Several technologies are being evaluated to extract water from a variety of water-bearing extraterrestrial soils, including near-surface granular and hard hydrated soils, and subsurface ice at Mars, as well as frozen icy soils in the near permanently shadowed regions at the lunar poles. The water can be extracted from the raw resources either by transferring the raw resource into a processor, or by processing the raw resources in situ (where they are found).
One technical approach under investigation is to transfer water-containing soil to a closed processor in either a batch mode or semi-continuously, then apply energy to liberate the water. Currently, terrestrial screw conveyor soil dryers are being investigated at Johnson Space Center (JSC) for their adaptability to use in lunar or Mars conditions. At the same time, NASA Jet Propulsion Laboratory (JPL) is investigating the use of microwave energy to liberate water from soil as it flows through a processor.
A second technical approach under investigation is to deposit water-containing soil onto a heated surface and use the Mars atmosphere as a sweep gas to collect any water vapor released in an ‘open-air’ continuous process. NASA Glenn Research Center (GRC) is investigating this approach to continually harvest water as the rover/excavator roams the surface. While this process may lose some of the evolved water, it eliminates the need for reusable, high-temperature, dusty seals, and provides heat at the granular level to reduce long heating times.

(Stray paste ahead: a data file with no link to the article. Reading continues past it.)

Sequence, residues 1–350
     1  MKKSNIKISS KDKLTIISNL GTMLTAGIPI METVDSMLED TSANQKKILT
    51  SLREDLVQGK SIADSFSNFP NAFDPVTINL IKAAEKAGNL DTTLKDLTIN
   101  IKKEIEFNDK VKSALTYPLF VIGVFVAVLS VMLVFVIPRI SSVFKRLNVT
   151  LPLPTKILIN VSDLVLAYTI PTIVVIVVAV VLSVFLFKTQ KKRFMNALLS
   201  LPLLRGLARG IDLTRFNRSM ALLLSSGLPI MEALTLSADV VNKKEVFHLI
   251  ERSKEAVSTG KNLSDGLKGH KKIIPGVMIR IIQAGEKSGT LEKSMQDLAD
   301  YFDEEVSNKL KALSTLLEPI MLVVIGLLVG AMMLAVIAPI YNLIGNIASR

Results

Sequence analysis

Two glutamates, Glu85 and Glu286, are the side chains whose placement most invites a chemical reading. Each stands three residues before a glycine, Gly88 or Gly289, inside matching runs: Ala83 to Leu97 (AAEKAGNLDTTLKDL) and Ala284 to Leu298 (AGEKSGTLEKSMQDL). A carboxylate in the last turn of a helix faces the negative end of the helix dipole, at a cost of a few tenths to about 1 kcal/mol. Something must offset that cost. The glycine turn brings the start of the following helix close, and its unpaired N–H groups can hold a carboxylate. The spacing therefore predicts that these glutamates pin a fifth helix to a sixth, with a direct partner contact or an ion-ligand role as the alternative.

A third technical approach under investigation is to extract the water directly from the raw resource without any excavation of the soil. NASA Johnson Space Center (JSC) is evaluating the terrestrial Rodriguez Well approach used in Antarctica for potential use on Mars to access nearly-pure ice deposits at some depth below the surface. This approach first requires a hole to be drilled through any overburden and into the ice sheet. Heat is then applied directly to the ice sheet to melt the ice into a liquid which could then be pumped out when needed. An evaluation is underway as to the viability of the approach at Mars environmental conditions.
Water Extraction from Regolith is part of the AES In-Situ Resource Utilization (ISRU) Technology Project which is developing the component, subsystem, and system technology to enable production of mission consumables from regolith and atmospheric resources at a variety of destinations for future human exploration missions.
The overall goals of the ISRU Technology project are to achieve system-level TRL 6 to support future flight demonstration missions and provide exploration architecture teams with validated, high-fidelity answers for mass, power, and volume of ISRU systems.
The project's initial focus is on critical technology gap closure and component development in a relevant environment (TRL 5) for Resource Acquisition (excavation, drilling, atmosphere collection, and preparation/beneficiation before processing) and Resource Processing & Consumable Production (extraction and processing of resources into products with immediate use as propellants, life support gases, fuel cell reactants, and feedstock for construction and manufacturing). The interim project goal is to complete ISRU subsystem tests in a relevant environment to advance the subsystem to TRL 6. The project end goals are to perform end-to-end ISRU system tests in a relevant environment (system TRL 6) and integrated ISRU-exploration elements demonstrations in a relevant environment.